19. higherthanfi

    What I find amazing is how ‘off hand’ the comment is made about George coming up with the waltz bit. I find that bit of arranging arguable what makes the song incredible. It’s an absolutely brilliant suggestion and a contribution equal to almost anything else in the song.

  20. Beatleken

    I think its Paul on acoustic,John on harmonium and George on bass. He did have a Burns bass at the time. not a complicated bass part and it was easier for Paul to play the acoustic part since he wrote most of it. either way its a great song. don’t nitpick

  21. Bruce

    Sometimes I think I can hear an electric guitar very deeply buried in the mix. If you listen to just the left channel with the drums, acoustic and bass, it seems even more true on the last chord.

  22. Johan cavalli

    The beginning “…try to see it my way…” with its short notes is McCartney´s. The beginning I think, works more like a prelude to the heavy bit, the middle part by Lennon “…Life is very short..” very typical Lennon with 1. l o n g notes, and 2. the use of only o n e note. Lennon said he did the middle part. The waltz-time was Harrison´s idea. McCartney said, after Lennon´s death, they wrote the middle part “together”. One never knows what McCartney means with “together”. He helped Lennon with the lyric? or the harmonies? or the melody? If he meant the melody he would have said it. But the establishment interpreted it as a co-composition, and that was McCartney´s purpose. In all literature this song is called a McCartney-composition. How often hasn´t Lennon´s music been called McCartney-composition? Does it exist o n e s i n g l e song, or part of a song, McCartney has composed, but Lennon got the credit of? No.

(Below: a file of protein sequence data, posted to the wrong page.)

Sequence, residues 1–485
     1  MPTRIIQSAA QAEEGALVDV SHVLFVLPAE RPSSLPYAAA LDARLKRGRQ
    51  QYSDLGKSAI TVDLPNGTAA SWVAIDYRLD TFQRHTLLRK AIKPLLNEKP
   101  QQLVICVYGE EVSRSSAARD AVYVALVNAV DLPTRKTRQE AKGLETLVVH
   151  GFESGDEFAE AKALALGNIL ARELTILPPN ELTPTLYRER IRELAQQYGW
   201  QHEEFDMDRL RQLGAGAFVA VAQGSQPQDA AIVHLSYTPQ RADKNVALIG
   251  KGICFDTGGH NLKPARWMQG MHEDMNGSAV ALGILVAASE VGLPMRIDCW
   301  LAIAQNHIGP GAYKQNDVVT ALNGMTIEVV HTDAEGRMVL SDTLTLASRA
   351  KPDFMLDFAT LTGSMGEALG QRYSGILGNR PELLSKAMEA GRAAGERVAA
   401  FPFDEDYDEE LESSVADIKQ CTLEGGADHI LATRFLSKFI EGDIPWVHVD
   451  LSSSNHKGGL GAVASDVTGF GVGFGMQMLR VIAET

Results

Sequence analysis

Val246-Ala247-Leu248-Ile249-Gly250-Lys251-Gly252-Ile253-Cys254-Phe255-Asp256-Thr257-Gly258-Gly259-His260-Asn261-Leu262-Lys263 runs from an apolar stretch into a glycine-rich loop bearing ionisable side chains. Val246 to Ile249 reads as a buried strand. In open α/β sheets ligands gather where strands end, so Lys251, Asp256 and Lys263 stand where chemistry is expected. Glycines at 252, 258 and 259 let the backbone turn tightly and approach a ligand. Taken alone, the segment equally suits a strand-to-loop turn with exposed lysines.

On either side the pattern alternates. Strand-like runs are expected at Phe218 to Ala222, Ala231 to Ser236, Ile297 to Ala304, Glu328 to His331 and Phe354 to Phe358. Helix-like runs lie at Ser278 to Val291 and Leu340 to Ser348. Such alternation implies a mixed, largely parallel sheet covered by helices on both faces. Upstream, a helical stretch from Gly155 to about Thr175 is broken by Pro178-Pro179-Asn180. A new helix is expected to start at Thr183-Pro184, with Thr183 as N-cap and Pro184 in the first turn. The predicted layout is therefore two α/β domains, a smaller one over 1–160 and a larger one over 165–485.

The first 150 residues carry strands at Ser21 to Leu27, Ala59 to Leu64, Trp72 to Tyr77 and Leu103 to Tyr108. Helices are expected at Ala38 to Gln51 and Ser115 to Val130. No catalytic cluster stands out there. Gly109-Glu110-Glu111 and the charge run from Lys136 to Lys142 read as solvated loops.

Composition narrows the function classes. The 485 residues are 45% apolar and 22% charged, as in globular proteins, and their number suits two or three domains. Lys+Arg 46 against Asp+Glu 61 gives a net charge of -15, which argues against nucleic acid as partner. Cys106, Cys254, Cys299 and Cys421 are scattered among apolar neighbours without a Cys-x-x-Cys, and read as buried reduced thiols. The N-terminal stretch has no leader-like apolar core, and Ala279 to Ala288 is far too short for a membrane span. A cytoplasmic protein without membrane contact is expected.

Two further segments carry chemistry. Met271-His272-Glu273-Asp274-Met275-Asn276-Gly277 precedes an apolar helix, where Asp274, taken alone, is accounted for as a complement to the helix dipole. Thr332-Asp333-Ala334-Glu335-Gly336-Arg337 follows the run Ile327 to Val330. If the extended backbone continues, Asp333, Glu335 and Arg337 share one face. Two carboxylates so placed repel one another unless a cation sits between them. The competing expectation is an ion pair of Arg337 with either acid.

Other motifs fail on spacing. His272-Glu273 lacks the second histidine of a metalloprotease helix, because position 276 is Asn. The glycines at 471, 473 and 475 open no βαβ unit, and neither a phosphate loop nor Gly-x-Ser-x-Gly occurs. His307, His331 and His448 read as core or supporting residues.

23. Johan cavalli

    George Harrison came with the idea of putting in the waltz-time after the middle part. But he never boasted of it. If it had been McCartney´s idea in a Lennon composition, he would have said it is a co-composition, and that the waltz-time is the mainpoint in the song. And all music writers would forever have written the same thing.

  24. Graham Paterson

    Great song, with a poignant message. A real Lennon-McCartney collaboration. It is one of the great double A sides, with “Day Tripper” on the other side.

  25. David

    Of course, the song is about Paul and Jane. But watching one of the promo films just now (the black suit one), where Paul on bass and John on harmonium are in picture together a lot, it really does seem to presage the split between the two of them. Even John singing “life is very short…”

  26. tomchristie11

    There’s some lovely nuances in Lennon’s vocal harmony – in the first bridge, he steps up on ‘ti-ime’ and ‘cri-ime’, whereas he goes straight to the top notes on those words in the second bridge, half a beat earlier. It seems fairly likely to me that this was intentional.

    The way Lennon sustains ‘time’ differently on the second bridge is also nice, with his volume dipping in the middle of the word.

    I’m sure intricacies like this could be found all over the Beatles’ catalogue – I’ve only studied this one in particular so closely because it’s one of my favourite sections in any Beatles song. Simple but sublime.